American Bull Terrier
Staffordshire Bull Terrier
Staffordshire bull terrier
Jack Russell Cross
& Candy Kisses
Please read the information below before offering to rehome
any of our dogs:
We try very
hard to make sure our dogs and puppies have the best possible
care, given that they are in a rescue environment. We hope
to give them the best start to their new lives with you,
their adopters, and our volunteers commit a huge amount
of time and resources to this. We expect adopters to match
When you take on one of our dogs, you are taking on the
responsibility for the rest of his or her lifetime. Please
look ahead to the future with your dog.
Are you really sure that you are sufficiently committed
to the time, effort, training and expense that your dog
will need, not just immediately but for a lifetime?
Are you going to be able to work through the challenges
and issues that are part of dog ownership?
Rescue dogs are no different from other dogs: they all need
to be continually trained and controlled, exercised and
looked after, and loved and cherished.
The difference with rescue dogs is that humans have already
let them down at least once.
Please do not book or adopt one of our dogs unless you are
completely prepared to work with them, come what may, and
that you are COMPLETELY determined that YOU will not be
the human who lets them down again.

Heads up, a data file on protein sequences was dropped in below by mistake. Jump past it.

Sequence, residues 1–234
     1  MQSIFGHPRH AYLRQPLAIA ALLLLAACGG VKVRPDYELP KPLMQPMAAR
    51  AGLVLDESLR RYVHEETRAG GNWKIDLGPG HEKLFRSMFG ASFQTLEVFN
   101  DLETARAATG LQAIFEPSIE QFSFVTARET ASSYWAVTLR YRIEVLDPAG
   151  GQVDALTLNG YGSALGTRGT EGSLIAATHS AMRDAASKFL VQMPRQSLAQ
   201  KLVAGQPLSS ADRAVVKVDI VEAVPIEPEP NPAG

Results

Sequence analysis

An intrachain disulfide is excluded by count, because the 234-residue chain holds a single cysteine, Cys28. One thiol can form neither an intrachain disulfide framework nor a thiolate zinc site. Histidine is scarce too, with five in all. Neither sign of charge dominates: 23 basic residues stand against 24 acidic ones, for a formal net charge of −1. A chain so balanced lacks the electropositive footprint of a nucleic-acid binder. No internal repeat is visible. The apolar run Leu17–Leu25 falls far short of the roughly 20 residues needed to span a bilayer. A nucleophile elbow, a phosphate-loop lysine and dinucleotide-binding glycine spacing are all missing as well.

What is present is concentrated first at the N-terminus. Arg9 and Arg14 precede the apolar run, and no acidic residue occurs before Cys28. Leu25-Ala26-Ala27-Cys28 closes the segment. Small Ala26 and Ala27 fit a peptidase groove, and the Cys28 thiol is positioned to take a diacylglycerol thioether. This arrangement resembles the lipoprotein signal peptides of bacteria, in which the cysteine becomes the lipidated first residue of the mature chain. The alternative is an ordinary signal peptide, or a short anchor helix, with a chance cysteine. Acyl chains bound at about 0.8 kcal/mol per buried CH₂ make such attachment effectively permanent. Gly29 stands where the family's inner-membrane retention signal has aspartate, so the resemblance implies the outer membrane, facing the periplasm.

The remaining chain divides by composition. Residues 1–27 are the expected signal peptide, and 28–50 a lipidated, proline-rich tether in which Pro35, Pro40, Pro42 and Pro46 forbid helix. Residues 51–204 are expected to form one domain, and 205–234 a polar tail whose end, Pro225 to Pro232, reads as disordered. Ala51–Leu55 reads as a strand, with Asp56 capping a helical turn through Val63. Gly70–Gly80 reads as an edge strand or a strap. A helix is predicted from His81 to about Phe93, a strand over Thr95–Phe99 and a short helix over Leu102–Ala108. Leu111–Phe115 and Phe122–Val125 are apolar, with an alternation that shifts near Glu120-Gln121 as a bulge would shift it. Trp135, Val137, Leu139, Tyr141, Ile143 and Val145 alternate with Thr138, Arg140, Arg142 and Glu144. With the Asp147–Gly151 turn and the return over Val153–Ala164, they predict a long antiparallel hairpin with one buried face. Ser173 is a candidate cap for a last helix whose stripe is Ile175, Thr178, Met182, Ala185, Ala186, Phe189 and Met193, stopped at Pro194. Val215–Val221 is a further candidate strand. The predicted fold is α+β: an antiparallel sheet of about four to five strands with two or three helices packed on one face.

ANIMALS ARE NOT AN "IMPULSE BUY"!
is absolutely essential that you view adoption as a LIFETIME
commitment before you even consider offering a home to any
of our animals, bearing always in mind that we do not sell
animals but instead seek responsible adopters
who will care for them for life; we ask only £100 adoption fee for a dog regardless
of age, sex and how much we have spent rehabilitating.
you offer a home to one of our animals, we then reserve
the animal to you while a home visit is arranged. Unfortunately,
some people do this then change their minds. Time-wasters
cost too much. Let us explain:
- This may cost the animal a chance of another home.
- It costs the time and resources of the branch which costs
- It costs the expense of keeping the animal in a kennel
at £9.00 up to £10.50 a day (depending on the size of the
dog) while we start the rehoming process all over again.
- It prolongs the time spent in a kennel whereby the dog’s
well being is affected.
- It may cost the time and resources of our home visitors,
which they freely donate as volunteers.
- It may cost the time and emotions of our fosterers and
the Dog Rehoming Co-ordinator.
- And it costs the LIFE of other animals waiting to come
into our care.
We are very disappointed when people waste our time in this
way, nearly as disappointed as we are when people take on
animals then return them after a short time without having
the compassion and understanding to work with them, perhaps
with training classes or with our advice and help.
After all, any relationship, whether with animals or people,
requires work and commitment!
So please THINK very carefully before you book or adopt
This is not a decision to be taken lightly, but it is essential
that you have done all your thinking before you offer a